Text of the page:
What The Eric Garner Verdict Can Tell Us

On Wednesday, a Staten Island grand jury decided not to indict Officer Daniel Pantaleo, the cop who put Eric Garner in the chokehold that precipitated Garner's death in July. The medical examiner declared Garner’s death a homicide in August, and the entire encounter was caught on tape, inspiring protests across the country just a few short weeks before Officer Darren Wilson would shoot and kill an unarmed Michael Brown. Last week, a grand jury in Missouri similarly refused to indict Wilson, who is white, for shooting a young black man.

Garner’s case has often been referenced in the same breath as the tragedy of Mike Brown’s death: Two deceased black men, their deaths were caused by white officers who walk away without consequence.

But one crucial detail sets Garner’s case apart from that of Brown’s: there was a video. A crude video filmed on a cell phone captured the entirety of Garner’s encounter with the police, from the initial approach up through his final breaths on the Staten Island sidewalk. We can see Pantaleo throw an arm around Garner’s neck and drag him to the pavement. We can hear Garner repeatedly call out, "I can’t breathe, I can’t breathe." We can watch Pantaleo refuse to loosen his grip. And yet, this video — tragic, traumatic, damning as it is — was not enough for a panel of up to 23 people to say yes, Pantaleo might have done wrong, this warrants a fair hearing.

In Michael Brown’s case, some argued that the grand jury’s inaction was due to conflicting stories or facts. With Eric Garner, we can no longer pretend that our criminal justice system is race-neutral. The video is there. And it was not enough.

After Michael Brown’s death, many advocates, including President Barack Obama, came out in favor of body cameras for police forces. A petition to the White House for a "Michael Brown Law" that would mandate police officers wear body cameras garnered more than 154,000 signatures. The logic went something like this: if we can verify what happened, if we can show clearly how white officers are interacting with men and women, then we can identify bad behavior and we can hold the perpetrators accountable.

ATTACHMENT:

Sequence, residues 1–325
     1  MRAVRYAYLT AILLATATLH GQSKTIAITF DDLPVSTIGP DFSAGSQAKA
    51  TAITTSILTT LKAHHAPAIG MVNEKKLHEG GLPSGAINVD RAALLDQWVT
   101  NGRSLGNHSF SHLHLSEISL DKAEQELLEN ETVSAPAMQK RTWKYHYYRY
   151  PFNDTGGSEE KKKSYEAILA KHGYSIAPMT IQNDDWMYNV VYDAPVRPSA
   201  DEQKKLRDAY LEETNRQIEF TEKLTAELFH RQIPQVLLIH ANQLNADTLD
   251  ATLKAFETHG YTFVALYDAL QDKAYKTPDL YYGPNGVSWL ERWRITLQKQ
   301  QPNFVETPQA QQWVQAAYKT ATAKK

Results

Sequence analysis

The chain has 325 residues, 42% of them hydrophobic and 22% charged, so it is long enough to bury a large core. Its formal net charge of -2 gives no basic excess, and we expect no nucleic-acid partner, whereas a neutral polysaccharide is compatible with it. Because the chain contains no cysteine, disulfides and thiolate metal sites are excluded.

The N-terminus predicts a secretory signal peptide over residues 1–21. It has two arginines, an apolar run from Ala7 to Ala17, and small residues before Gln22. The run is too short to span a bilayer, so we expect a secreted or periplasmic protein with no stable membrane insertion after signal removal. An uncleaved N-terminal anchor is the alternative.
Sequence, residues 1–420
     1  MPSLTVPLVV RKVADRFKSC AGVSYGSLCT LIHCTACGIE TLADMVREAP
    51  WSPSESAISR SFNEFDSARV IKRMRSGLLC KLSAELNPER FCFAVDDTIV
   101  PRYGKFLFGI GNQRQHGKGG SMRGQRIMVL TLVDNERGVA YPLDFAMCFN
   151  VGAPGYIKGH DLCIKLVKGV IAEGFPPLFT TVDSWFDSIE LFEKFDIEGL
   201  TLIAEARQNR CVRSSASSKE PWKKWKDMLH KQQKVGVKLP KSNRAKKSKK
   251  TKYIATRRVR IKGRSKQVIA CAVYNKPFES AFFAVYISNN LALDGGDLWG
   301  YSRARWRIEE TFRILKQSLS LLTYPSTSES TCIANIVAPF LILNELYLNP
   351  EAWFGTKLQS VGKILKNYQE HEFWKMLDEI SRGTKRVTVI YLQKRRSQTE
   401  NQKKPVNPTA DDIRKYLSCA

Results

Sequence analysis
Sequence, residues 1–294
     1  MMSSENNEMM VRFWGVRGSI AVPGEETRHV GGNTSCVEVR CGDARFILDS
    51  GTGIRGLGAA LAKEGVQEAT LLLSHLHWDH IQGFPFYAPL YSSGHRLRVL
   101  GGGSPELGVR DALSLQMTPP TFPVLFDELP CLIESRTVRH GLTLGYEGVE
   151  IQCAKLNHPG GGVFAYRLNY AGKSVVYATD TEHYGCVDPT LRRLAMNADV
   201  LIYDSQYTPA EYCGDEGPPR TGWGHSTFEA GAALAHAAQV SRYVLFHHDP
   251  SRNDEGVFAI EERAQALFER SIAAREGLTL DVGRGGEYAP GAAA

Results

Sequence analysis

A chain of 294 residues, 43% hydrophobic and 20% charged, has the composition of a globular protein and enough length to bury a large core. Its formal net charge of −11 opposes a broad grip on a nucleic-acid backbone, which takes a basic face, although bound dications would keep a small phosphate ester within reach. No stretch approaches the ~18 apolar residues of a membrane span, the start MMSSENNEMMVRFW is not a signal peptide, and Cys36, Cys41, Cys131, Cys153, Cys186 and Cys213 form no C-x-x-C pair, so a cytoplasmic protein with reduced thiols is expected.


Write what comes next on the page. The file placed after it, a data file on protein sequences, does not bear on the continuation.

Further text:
Eric Garner’s death shows that mere body cameras are not enough. And that’s because the problem of racial profiling and police violence – as communities of color have long known – has never been simply a matter of proving it exists. Just because the white community can see how people of color are discriminated against, targeted and killed by police officers in disproportionate numbers — Pro Publica tells us that black men are 21 times more likely to be shot by a cop than their white counterparts — doesn’t mean that we have convinced the white population that this racialized violence and dispossession is wrong.

Darren Wilson argued that his use of deadly force was justified because Brown was a threat that had to be neutralized. The members of that Missouri grand jury must have found that explanation legitimate.

Much remains to be written about and distilled from the grand jury’s deliberations over Eric Garner’s death. We don’t know yet how that jury panel became convinced that Pantaleo’s chokehold — a move banned in the NYPD — was a legitimate response. Or how they decided that Pantaleo’s refusal to let go of the chokehold even as Garner complained he could not breathe was legitimate and did not warrant a fair hearing.

But one thing remains clear — righting the wrongs of our criminal justice apparatus will take more than a new fleet of body cameras. We need to stop mistaking a police badge as a get-out-of-jail-free pass for the use of aggressive and unwarranted force against certain kinds of people, namely individuals of color that an officer deems to be a threat. (For more references, see Tamir Rice, John Crawford III, Darrien Hunt, and so many others.)

We need to strengthen the accountability mechanisms for police departments to ensure that officers who use unjustified force are actually investigated rather than allowed to testify directly to their side of the story before a sympathetic grand jury panel.

And as a community, we need to be conscious of and opposed to the ways in which our police forces target, marginalize and threaten people of color. Driving while black, stop and frisk, aggressive and violent responses during interactions with black youth — these racial profiling tactics tell people of color that you do not belong here in our communities, and you never did. Neither you nor your children will be safe here.

So yes, putting body cameras on police officers is a first step. But the path towards a fair and equitable treatment for people of color at the hands of law enforcement and the courts will require much, much more of us.

The grand jury’s decision in Gardner’s case is, after all, an indictment. It is an indictment of our criminal justice system, and it is an indictment of all of us who continue to mistake the trappings of a justice system for the truth of justice being done.

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